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Developer resubmits plans for former Diss graveyard

A planning application has been resubmitted, proposing to build a house on a former graveyard.

Andy Robinson, who bought the plot in Croft Lane, Diss, more than five years ago, first submitted plans for a two-bedroom bungalow along with a garage and “a chapel-style entrance port” in April.

The application was withdrawn in October after South Norfolk Council planning officers highlighted a number of key issues that could prevent it being approved, such as trees, surface water drainage and archaeology.

The former burial ground of Diss Baptist Church in Croft Lane.
The former burial ground of Diss Baptist Church in Croft Lane.

After “intensive archaeological work”, the planning application was resubmitted last month.

The archaeological survey carried out last year found that between 100 to 120 individuals are buried on the site from a period from 1790 to 1890.

Individual graves are likely to contain complete skeletal remains and a range of surviving structural remains, coffins and their fittings and possibly textile material.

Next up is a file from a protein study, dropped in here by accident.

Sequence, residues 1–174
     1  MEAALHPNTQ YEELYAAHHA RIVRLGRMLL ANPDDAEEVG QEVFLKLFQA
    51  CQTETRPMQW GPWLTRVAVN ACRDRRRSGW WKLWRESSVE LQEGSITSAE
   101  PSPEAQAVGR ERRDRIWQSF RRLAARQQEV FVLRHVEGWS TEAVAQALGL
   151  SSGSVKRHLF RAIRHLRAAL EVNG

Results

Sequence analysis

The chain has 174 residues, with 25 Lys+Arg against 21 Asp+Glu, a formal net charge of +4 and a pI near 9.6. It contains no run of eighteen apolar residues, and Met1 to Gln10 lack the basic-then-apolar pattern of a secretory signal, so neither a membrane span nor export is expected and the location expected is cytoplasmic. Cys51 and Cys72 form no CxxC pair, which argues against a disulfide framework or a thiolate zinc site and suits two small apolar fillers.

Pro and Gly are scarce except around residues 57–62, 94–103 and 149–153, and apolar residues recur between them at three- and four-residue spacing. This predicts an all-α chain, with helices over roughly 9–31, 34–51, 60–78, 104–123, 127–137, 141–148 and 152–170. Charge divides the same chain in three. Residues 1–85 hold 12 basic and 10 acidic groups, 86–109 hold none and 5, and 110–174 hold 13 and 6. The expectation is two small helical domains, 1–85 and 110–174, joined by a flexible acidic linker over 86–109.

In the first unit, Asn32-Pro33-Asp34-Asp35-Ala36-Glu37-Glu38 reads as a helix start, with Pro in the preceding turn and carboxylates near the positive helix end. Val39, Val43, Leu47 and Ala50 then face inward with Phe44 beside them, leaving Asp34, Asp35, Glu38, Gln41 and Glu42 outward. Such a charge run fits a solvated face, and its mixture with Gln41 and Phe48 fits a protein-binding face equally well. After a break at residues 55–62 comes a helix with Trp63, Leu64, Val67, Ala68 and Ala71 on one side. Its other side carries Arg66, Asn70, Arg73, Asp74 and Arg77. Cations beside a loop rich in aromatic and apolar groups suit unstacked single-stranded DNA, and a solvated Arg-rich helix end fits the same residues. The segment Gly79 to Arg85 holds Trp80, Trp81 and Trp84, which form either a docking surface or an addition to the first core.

A document attached to the planning application states that build design and underground pipework have been designed to avoid “disturbing what is buried below and will remain there”.

It said: “The design will give the ground more of the respect it deserves and not try to hide what it has been.”

South Norfolk Council first approved plans to build on the site a decade ago, with the time limit for permission subsequently extended.

The land, believed to be associated with the now-demolished chapel, was sold by Diss Baptist Church with planning permission to build, following extensive research of the graves, including ground penetrating radar examining what was beneath the surface.

The ground, as it was, has been described as neglected and overrun with undergrowth and rubbish.

In his application, Mr Robinson stated his intention to plant four new trees after the yew tree was severely damaged in a storm and had to be removed.

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Previous plans would have seen the new bungalow built on foundation pilings to minimise disruption to graves in the ground beneath.

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